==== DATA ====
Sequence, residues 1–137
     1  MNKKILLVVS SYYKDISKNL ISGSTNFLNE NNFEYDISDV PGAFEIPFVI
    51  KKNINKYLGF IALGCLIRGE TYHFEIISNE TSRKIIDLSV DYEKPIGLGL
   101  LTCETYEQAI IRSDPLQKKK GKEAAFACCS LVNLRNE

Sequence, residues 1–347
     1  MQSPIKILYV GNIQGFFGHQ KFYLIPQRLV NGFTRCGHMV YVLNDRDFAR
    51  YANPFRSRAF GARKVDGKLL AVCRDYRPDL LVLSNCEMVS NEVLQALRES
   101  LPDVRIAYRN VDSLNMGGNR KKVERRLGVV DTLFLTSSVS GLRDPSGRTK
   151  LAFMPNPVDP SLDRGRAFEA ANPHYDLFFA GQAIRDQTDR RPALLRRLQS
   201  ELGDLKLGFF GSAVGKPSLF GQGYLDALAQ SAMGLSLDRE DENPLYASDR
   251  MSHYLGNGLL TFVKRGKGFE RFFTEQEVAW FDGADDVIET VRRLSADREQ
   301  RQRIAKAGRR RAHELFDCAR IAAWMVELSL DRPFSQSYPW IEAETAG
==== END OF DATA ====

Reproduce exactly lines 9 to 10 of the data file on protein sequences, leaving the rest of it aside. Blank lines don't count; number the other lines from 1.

   151  LAFMPNPVDP SLDRGRAFEA ANPHYDLFFA GQAIRDQTDR RPALLRRLQS
   201  ELGDLKLGFF GSAVGKPSLF GQGYLDALAQ SAMGLSLDRE DENPLYASDR